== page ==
Security vendor Trusted Computer Solutions, Red Hat and IBM announced Tuesday that the trio of companies would be trying to get the next version of Red Hat Enterprise Linux rated as a secure system according to Common Criteria evaluation on a broad range of IBM eServer systems.
If successful, this evaluation will mean that Red Hat Inc.s RHEL (Red Hat Enterprise Linux) 5, when running on specific IBM eServer system, will meet federal government security standards for assured information sharing within and across government agencies.
Specifically, the forthcoming RHEL 5 has been officially entered in the NIAP (National Information Assurance Partnership)-approved CCEVS (Common Criteria Evaluation & Validation Scheme) this month to bring a new level of security and assurance to Linux.
NIAP is a collaboration effort between NIST (National Institute of Standards and Technology) and the NSA (National Security Agency) to meet the demands of high-level security testing.
CCEVS is NIAPs evaluation program to determine what COTS (commercial off-the-shelf) information technology products meet its stringent security requirements
The CCEVS-approved platform will contain an NSAs SELinux (Security Enhanced Linux)-enabled kernel with policy enhancements. This was the result of work by IBM, Red Hat, TCS (Trusted Computer Solutions Inc.) and the Linux community.
Red Hat has been included basic SELinux functionality since RHEL 4. In RHEL 5, SELinux functionality and management will be considerably improved.
IBM is working with Red Hat to sponsor RHEL 5 certification on IBM server brands, including xSeries, pSeries, zSeries and BladeCenter.
The eventual goal is to get the combination of RHEL, IBM hardware and TCS applications to EAL4 (Evaluation Assurance Level 4).
Once the effort is approved, users will also be able to run TCS cross-domain security applications, such as SecureOffice, NetTop and NetTop2, on RHEL.
“For years our customers have been clamoring for the look, feel, flexibility and functionality of todays commercial software,” Susan Alexander, chief of information assurance research at the NSA, said in a statement.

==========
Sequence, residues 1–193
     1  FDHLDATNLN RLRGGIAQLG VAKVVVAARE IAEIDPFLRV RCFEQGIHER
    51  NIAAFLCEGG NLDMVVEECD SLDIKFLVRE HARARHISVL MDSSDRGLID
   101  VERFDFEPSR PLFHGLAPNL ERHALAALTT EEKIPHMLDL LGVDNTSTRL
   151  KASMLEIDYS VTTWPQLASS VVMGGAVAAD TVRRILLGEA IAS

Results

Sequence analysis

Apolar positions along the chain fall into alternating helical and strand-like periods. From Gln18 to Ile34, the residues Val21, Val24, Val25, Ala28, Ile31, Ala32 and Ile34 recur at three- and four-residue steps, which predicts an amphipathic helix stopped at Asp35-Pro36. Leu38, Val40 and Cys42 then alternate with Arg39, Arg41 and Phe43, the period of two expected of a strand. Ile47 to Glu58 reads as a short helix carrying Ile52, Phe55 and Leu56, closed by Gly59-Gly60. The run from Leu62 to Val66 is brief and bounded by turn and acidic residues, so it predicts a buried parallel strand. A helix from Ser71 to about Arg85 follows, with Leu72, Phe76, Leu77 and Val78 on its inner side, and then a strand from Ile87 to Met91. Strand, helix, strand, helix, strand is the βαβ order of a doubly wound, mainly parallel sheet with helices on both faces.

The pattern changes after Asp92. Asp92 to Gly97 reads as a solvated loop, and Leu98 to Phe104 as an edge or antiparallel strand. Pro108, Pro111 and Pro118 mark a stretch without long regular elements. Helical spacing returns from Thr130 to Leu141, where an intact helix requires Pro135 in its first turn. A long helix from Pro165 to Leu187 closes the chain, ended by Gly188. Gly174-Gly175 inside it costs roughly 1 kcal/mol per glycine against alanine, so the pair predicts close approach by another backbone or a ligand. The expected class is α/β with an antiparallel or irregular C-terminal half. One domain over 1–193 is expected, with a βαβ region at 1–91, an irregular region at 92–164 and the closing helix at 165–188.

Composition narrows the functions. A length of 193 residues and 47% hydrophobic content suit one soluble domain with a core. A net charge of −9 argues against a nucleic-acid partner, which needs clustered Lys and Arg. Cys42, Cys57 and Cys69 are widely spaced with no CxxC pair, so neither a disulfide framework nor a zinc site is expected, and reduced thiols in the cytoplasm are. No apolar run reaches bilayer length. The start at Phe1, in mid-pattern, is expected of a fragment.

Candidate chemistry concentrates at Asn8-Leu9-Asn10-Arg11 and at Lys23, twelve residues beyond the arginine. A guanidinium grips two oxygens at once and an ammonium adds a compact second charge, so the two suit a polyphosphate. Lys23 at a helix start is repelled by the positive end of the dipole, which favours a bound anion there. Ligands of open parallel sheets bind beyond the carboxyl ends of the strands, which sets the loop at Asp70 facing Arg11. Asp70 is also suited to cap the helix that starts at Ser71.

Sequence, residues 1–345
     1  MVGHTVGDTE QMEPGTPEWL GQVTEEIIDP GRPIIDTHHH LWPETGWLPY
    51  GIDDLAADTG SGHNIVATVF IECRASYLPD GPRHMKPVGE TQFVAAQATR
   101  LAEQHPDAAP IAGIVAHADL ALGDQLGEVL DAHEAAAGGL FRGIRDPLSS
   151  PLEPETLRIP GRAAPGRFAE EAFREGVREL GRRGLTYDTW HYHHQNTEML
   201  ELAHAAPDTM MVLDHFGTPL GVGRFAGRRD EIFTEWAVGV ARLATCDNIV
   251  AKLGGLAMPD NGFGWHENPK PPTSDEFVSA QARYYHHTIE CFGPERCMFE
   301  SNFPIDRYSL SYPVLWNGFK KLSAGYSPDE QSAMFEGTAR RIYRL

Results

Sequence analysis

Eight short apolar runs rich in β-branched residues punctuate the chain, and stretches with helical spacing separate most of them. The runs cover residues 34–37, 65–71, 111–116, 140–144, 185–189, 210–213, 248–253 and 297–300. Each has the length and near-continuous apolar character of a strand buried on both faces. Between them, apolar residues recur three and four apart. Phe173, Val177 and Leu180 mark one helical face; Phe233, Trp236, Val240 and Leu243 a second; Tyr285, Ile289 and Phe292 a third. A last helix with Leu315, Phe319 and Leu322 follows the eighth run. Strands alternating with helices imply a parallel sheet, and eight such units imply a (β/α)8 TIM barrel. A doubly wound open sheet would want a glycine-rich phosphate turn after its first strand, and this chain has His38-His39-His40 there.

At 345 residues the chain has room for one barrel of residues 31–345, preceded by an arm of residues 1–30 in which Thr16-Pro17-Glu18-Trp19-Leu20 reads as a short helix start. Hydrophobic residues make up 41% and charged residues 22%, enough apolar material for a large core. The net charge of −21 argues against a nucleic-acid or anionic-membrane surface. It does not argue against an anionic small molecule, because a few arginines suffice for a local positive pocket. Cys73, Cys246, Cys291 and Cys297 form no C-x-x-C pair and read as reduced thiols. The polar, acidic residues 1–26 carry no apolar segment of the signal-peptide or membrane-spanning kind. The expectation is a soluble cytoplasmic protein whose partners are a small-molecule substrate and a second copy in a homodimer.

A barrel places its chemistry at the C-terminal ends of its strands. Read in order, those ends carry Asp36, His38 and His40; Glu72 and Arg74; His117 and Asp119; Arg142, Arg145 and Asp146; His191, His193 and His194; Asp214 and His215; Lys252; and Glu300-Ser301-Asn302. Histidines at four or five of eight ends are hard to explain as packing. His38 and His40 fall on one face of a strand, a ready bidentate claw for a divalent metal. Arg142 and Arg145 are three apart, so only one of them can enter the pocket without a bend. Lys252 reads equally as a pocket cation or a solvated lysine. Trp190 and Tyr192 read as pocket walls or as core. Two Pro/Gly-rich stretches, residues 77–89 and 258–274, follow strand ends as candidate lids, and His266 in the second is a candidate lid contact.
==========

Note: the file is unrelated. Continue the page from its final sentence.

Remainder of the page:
“With NetTop, based on SELinux, they can get just such an environment without compromising on security,” Alexander said.
“This collaboration and evaluation effort will make Red Hat Enterprise Linux the most secure open-source operating system platform available,” Brian Stevens, Red Hats vice president of operating systems development, said in a statement.
In particular, Stacey Quandt, the Aberdeen Groups research director for security solutions and services, said, “The pending certification of Red Hat Enterprise Linux Version 5 will provide U.S. federal agencies the requisite approval to procure and deploy Linux within their IT environments.”
Further, Quandt said, “This level of industry collaboration and cooperation demonstrates the growing interest in using Linux among federal agencies. The certification will also provide Red Hat with first-mover status in comparison to completely Linux distributions.”
“Of larger significance is that this initiative fuels the potential adoption of a certified Red Hat Linux stack within U.S. government departments and agencies. For instance, Red Hat offers certificate management, clustering and other applications on top of Linux.”
At the same time, the government will win too, according to Quandt.
“The U.S. governments support for Linux is indicative of the shift away from government-developed code and the lower costs associated with commercial off-the-shelf solutions. The U.S. government benefits from the community efforts to enhance the security of Linux with up-to-date technical innovation,” Quandt said.
RHEL 5 is expected to be available in late 2006.